Teen pleads guilty to accidental shooting death of high school wrestler

(WBIR) After a teenager who accidentally shot and killed a high school wrestler pleaded guilty in a juvenile courtroom Tuesday, the victim's family told 10News justice was not served.

Officials charged the teen, who was 17 years old at the time of the shooting, with delinquency pursuant to criminally negligent homicide in the death of 17-year-old Skyler Daniel Boring, according to Kenlyn Foster, the Blount County Assistant District Attorney.

Foster said the District Attorney's Office considered trying the teen as an adult but decided not to because there "weren't adequate factors to try to transfer it into adult court." Since this was a juvenile case, Foster said she couldn't provide any additional details about the plea.

"Justice was not served. He was not punished. Not even probation. No community service." said Judy Mincey, Boring's Grandmother. "He never offered one word of comfort or condolence. I didn't see any remorse anywhere in his demeanor yesterday. None."

The shooting happened on May 28, 2013. A helicopter flew Boring to the University of Tennessee Medical Center where he died a short time later, according to officials.

"My daughter had to clean the blood of her son out of the backseat of his car. They didn't even impound the car," said Mincey. "I didn't just lose a grandson, I lost a daughter. She is a shell, she's lost so much weight. She can't sleep. She can't eat. It's just been a nightmare."

RELATED: A year after son's death, mother breaks silence looking for answers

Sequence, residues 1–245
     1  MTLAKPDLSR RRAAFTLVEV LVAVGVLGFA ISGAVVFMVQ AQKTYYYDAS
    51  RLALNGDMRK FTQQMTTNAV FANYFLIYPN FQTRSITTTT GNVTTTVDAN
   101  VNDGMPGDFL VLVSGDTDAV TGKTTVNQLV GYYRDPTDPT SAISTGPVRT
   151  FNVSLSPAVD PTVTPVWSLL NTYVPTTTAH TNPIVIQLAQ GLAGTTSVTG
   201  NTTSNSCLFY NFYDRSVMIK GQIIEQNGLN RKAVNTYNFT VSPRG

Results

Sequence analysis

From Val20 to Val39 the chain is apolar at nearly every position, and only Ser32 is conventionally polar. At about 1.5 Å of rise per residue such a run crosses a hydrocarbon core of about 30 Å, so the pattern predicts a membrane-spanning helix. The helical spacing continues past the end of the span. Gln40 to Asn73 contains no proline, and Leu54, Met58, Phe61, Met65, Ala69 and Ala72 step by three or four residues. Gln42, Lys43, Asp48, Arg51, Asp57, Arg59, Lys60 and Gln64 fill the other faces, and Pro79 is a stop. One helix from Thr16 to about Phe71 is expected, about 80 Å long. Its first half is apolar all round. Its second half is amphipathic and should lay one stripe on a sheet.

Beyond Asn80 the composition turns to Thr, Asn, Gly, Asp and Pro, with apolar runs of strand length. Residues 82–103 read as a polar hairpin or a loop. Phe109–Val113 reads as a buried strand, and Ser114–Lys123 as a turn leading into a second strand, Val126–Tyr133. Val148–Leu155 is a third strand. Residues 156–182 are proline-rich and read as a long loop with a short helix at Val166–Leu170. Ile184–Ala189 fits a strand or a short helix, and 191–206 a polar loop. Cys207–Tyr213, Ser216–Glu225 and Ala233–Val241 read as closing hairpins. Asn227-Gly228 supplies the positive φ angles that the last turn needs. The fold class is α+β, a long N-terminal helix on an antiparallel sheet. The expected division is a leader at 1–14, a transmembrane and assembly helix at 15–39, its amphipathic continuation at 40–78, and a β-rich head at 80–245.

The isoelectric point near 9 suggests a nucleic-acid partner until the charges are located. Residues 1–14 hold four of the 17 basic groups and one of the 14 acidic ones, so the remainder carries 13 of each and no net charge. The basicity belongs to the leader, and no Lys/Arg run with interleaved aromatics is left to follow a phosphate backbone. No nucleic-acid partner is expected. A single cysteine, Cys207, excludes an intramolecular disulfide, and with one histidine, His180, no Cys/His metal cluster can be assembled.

Boring graduated from Heritage High School days before his death. The 17-year-old was co-captain of his wrestling team and was planning to attend culinary school, according to his mom.

"Nobody passed by Skyler Boring that was not his friend. The high school counselor said everyone, every group, thought he was a part of their group. He was a good, smart kid," said Mincey.

Boring's grandmother said the family felt disappointed and betrayed, trusting authorities would do diligence to the case.

"He killed my grandson. He never spent one night behind bars. Not one. And that's supposed to be justice?" asked Mincey. "We waited and waited to see if charges would be filed. Then finally they were. We knew he wouldn't get jail time but if you get pulled over for a DUI, you'll at least spend a night in jail."

Mincey said the family didn't get answers they were expecting to learn in court.

"I guess I thought he (the teen shooter) would have to stand up in court and say what happened. But that didn't happen," said Mincey. "We still don't have an autopsy. We still have been told different locations of where the shooting happened. My daughter doesn't even know the accurate location of where to go and grieve."

Amy Boring, Mincey's daughter and Boring's mother, filed a civil lawsuit against the shooter and two other people for $1.5 million.

"We are still hoping to add other people to the lawsuit," said Mincey. "It's not about the money, it's about justice."

10News reached out to the shooter, but were unable to reach him for comment. Since juvenile court documents were unavailable, we were not able to confirm whether punishment was handed down, but Mincey said he would not be able to join the military or work for the government.

"So he can't work for the FBI? This is not justice. This is a travesty."


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